In addition to the time spent passing bags, the model can be validated through a report provided by the ATC indicating the number of bags the branch handles during a typical month. The report indicates that the observed branch handles approximately 85,500 bags of cash each month with 45 trucks. These bags break down further to 25% delivered (e.g., change orders, ATM refills) and 75% pickups (e.g., deposits, ATM residuals, bank-created change orders). The mean of this would indicate approximately 63 bags per truck per day. From observation and interviews, there are more bags on Monday and Friday and fewer on Saturday and Sunday. Table 5 shows data from the observed and simulated periods of 1, 7, 30, and 100 days. The variance from 63 (the average daily value provided by the ATC) is denoted in blue in the rightmost column. In addition, note that the observed data included data from only weekday operations. The standard deviation for the number of bags per truck is 14.9814.
Utilizing the 95% CI for the number of bags per truck, the CI is
2 1.96 + 1.6449 2 14.9814 2 43 = 69.4419   ± 11.647   bags   per   truck .
The simulation mean for bags per truck is well within the CI limits of observed and ATC-provided data.

4.2.3. Teller Utilization

The remaining variables are discussed below based on observed behaviors and facility constraints. There are three teller windows/mantraps used for vault teller-messenger interactions. Three vault tellers work eight-hour shifts. The tellers work shifts that support the behavior of the branch. During the reception of bags in the afternoon, the vault window tellers perform bag inspections (six-sided inspections), locate the deposit slip in the bag, annotate the bag with the receiving bank name, and pre-sort bags. The pre-sort is conducted by identifying bags as internally processed, externally processed, and bags that need to be delivered to other entities in the following days.
A single teller accepts the bags that are internally processed and sorted by the receiving bank. The observed branch processed bags for more than 50 different banks. This teller accepts the bank name written on the bag as accurate as long as the bags are sorted. The bags are sorted again the following morning by five CMS tellers, who verify the deposit slip inside the bag. Each day, approximately 3000 bags are processed internally.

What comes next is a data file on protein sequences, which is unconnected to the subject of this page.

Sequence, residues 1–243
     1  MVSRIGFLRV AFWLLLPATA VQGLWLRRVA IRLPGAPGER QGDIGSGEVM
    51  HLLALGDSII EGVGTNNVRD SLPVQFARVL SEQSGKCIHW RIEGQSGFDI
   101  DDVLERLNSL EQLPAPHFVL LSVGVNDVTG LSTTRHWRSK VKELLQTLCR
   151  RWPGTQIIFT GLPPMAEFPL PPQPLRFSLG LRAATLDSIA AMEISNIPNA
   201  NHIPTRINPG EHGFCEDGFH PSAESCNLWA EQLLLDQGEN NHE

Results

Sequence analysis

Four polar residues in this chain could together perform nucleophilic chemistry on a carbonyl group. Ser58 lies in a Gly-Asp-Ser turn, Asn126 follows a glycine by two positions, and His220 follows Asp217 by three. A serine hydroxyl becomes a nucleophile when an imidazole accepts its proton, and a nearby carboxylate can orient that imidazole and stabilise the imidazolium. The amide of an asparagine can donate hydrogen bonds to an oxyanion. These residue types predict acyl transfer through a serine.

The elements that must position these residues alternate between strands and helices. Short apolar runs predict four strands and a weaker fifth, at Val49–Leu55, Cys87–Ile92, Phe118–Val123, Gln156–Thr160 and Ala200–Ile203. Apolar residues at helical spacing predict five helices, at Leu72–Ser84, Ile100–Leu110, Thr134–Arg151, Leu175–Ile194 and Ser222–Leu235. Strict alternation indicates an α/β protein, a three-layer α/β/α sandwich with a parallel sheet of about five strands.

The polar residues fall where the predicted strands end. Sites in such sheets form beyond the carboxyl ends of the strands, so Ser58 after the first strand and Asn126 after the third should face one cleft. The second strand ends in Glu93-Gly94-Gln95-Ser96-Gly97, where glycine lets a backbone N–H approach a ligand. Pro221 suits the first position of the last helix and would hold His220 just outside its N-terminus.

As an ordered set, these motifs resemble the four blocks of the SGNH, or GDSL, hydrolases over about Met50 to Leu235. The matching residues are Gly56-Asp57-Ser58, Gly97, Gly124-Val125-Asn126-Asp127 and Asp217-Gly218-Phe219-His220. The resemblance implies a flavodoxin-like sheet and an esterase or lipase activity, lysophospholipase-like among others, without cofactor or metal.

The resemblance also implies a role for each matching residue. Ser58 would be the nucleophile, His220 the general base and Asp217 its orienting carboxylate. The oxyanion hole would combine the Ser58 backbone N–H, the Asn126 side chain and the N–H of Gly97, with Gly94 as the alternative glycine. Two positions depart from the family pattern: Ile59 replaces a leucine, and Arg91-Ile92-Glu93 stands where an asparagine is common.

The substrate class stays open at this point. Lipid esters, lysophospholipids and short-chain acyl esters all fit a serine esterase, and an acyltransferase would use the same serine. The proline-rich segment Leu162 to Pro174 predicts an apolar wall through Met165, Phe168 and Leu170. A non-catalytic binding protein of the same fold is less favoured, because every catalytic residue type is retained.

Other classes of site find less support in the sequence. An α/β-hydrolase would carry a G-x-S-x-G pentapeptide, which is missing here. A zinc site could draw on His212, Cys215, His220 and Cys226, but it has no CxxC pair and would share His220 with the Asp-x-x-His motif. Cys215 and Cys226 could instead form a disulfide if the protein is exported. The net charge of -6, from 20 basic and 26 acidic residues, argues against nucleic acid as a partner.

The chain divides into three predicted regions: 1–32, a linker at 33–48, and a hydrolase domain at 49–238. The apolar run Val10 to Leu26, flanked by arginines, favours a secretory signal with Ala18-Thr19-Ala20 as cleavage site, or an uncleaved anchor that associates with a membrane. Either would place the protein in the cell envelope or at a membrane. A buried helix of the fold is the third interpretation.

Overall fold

The overnight tellers sort the bags that are not processed internally. This process is referred to as “repackaging”. These bags have a destination bank or customer, typically for the next day, and are sorted and prepared as outbound bags. Two overnight tellers perform this action. The overnight tellers also prepare all other outbound materials for CIT, including accessories (e.g., keys, manuals, and radios).
During the day, a teller takes bags from the bag preparation room and assigns them to routes. A teller and a security guard place the bags in lockable carts and maintain a running inventory of each cart.
Finally, two vault tellers interface with CIT messengers in the mornings, moving carts and issuing accessories. They also supply route sheets and a truck manifest to each messenger.
The researchers focused on each teller’s observed behaviors and the teller shift’s limits to validate the teller transactions. For instance, it is known that afternoon vault tellers are receiving bags from messengers from 2 p.m. to 9 p.m. The model must support this. In addition, tellers and messengers have known shifts, and the researchers were provided overtime data for several employee types.
For the most part, the researchers know the overall flow of the branch through observation, process mapping, and discussions with employees. The company’s management validated or corrected many of the assumptions during the observation period.
As accurately as possible, the simulation model attempts to simulate the branch’s operational behaviors as the bags flow in and out. For instance, the manager of the vault operation indicated that 60% of the bags entering the branch from CIT each afternoon go to CMS for processing. Therefore, in the model, this proportion was maintained. See Figure 4a for inbound bags from CIT and Figure 4b for outbound bag preparation.
The ATC supplied teller hours for 22 weeks. Table 6 shows the average weekly work hours for 43 workers over 22 weeks. This document also includes partial weeks for employees who left and for new hires. The document also does not include paid time off for employees. This information skews the staffing hours lower. These data are also based on workweeks.
Given the work hour standard deviation of 9.9122, the 95% CI:
CI = 2 1.96 + 1.6449 2 9.9122 2 624 = 33.3206   ± 2.023   work   hours / week .
Given the overtime standard deviation of 4.1687, the 95% CI:
CI = 2 1.96 + 1.6449 2 4.1687 2 624 = 2.0377   ± 0.8508   overtime   hours / week .
From the previous work hour data for tellers, by removing weeks for which the person worked less than 30 h a week, the regular weekly work hour mean is 38.483, and the standard deviation is 3.636. For overtime hours, the new mean is 2.3629, and the standard deviation is 4.476. Both have n = 452. Applying these values to the 95% CI yields these values:
CI = 2 1.96 + 1.6449 2 3.636 2 452 = 38.483   ± 0.8719   regular   hours
CI = 2 1.96 + 1.6449 2 4.476 2 452 = 2.363   ± 1.073   overtime   hours